Dan Currell (AdvanceLaw), Legal’s AI Rocket Ship Will Be Manned:
Will the world still need lawyers once AI gets really good?
The short answer is yes—and I believe it will still be yes no matter how good AI gets. My view is not universally accepted, so I will need to lay it out, and that will involve some claims about what humans are and whether a machine can ever be like that. This will shed considerable light on what lawyers essentially do, and help us to see how machines can help us to be better lawyers. ...
For this post, I will limit myself to three questions:
- How are lawyers like humans?
- Can AI do what humans do?
- Will the world still need lawyers once AI gets really good?
Two really important books
Artificial intelligence (AI) has arrived in the legal profession. Whether we should call it “intelligence” should, I think, be contested—but that is for a later post. Whatever we call it, machines have matured to the point where every legal leader must urgently consider what advanced machines mean for his or her business.
At the same time, of course, AI has arrived in the world. Few corners of society, economy and culture will be unaffected.
Fortunately, there are two books to meet this moment. They can be easily read in self-contained chapters; you can put them both on the nightstand and alternate. Your bedtime reading will foretell some of the most consequential legal and societal developments of the next decade.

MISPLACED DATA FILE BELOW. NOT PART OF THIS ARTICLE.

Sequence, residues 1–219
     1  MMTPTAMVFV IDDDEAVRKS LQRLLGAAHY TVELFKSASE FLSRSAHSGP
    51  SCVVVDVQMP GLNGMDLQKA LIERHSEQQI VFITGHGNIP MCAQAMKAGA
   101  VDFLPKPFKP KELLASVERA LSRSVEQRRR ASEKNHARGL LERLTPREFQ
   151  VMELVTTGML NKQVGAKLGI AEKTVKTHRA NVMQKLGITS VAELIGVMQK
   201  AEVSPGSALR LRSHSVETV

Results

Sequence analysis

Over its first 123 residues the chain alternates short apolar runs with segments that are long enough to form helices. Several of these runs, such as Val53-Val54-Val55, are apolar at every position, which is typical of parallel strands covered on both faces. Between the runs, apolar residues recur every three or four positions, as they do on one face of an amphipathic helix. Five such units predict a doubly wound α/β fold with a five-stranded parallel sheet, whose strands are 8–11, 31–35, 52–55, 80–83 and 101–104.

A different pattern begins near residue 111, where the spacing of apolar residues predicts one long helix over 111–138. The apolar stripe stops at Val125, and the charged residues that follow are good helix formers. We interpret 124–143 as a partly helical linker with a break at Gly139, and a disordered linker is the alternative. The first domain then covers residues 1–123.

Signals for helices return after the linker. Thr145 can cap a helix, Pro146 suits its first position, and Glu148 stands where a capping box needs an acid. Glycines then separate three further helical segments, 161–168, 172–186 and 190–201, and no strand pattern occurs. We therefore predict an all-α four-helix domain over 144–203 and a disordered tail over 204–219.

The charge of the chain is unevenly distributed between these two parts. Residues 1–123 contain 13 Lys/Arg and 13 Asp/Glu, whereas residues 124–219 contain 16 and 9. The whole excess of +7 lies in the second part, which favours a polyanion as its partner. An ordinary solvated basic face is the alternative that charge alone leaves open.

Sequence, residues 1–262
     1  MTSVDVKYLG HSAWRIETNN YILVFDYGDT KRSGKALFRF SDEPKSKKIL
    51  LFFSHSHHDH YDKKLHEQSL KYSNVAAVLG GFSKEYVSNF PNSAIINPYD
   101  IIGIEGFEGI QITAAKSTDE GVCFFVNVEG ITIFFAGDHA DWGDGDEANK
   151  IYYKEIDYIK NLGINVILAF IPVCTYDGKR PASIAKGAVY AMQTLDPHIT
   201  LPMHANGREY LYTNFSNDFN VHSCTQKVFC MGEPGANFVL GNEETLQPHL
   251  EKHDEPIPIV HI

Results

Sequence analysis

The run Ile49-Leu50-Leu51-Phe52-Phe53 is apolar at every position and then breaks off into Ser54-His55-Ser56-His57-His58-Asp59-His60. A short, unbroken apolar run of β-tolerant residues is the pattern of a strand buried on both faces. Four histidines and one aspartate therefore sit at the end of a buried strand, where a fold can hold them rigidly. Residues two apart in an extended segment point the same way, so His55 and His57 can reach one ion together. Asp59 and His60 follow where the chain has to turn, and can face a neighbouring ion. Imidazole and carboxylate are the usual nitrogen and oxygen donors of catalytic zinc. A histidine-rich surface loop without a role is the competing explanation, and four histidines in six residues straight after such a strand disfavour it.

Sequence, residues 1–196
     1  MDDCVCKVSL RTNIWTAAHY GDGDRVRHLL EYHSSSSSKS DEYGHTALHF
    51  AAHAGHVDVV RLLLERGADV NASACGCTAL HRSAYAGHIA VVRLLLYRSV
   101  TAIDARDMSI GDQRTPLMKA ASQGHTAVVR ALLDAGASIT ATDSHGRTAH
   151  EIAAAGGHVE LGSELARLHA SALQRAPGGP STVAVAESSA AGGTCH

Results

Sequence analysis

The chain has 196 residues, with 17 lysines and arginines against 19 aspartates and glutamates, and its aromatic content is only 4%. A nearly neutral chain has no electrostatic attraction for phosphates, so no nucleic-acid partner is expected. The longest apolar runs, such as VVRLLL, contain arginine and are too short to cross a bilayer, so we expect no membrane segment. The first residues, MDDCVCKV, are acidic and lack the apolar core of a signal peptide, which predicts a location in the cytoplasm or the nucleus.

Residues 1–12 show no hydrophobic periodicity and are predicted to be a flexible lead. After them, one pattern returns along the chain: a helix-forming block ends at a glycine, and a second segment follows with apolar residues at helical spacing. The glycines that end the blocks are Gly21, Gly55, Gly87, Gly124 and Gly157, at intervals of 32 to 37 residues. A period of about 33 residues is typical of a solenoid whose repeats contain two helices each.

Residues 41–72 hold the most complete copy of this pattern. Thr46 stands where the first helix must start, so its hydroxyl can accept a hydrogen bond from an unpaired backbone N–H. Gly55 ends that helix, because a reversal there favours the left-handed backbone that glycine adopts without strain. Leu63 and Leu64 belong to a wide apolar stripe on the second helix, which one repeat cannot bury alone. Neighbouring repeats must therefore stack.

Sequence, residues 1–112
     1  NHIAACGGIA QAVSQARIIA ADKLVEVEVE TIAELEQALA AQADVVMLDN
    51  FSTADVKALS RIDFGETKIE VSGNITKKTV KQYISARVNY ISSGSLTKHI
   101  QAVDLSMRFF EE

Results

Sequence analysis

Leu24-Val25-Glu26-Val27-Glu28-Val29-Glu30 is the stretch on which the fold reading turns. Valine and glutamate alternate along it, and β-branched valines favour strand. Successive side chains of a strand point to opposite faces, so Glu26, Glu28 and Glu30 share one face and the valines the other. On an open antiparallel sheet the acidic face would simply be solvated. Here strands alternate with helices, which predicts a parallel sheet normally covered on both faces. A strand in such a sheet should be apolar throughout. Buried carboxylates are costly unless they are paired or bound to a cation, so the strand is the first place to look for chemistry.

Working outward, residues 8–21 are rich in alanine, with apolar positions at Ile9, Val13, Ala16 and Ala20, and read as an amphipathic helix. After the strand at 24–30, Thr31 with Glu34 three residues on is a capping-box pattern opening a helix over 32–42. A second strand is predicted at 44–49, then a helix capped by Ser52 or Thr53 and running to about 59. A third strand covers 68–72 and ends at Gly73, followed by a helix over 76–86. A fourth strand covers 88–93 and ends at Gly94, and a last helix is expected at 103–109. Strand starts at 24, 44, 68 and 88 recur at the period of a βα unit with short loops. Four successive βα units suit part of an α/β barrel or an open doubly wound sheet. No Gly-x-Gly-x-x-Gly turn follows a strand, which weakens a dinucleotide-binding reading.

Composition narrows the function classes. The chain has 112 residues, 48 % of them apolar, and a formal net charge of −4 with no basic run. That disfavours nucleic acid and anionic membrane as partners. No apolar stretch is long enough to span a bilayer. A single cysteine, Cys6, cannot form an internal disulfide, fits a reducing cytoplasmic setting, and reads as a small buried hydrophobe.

The future of humanity and the future of lawyers are intertwined. I do not mean to be pessimistic, just descriptive. A lawyer’s work is an intensification of one core human activity: the placement of facts into categories. We can see how central this is to being human by how easily we do it; we can notice a core difference between humans and machines by noticing that machines can barely do it at all. ...
When is the last time you had something that could be a legal issue? Did you hire a lawyer? Very few lawyers could afford to hire themselves, just as the laborers who hand-made cars prior to the advent of the Model T couldn’t remotely afford to buy one of the cars they made. Part of the magic of Henry Ford was that he could afford to pay his employees enough to buy the very products they made. That created much of the middle class that by 1930 was driving cars all over America.
So, AI should increase demand not only for legal services, but possibly also for lawyers. If that happens, legal’s AI rocket ship will not just be manned—it could employ throngs of new rocketeers.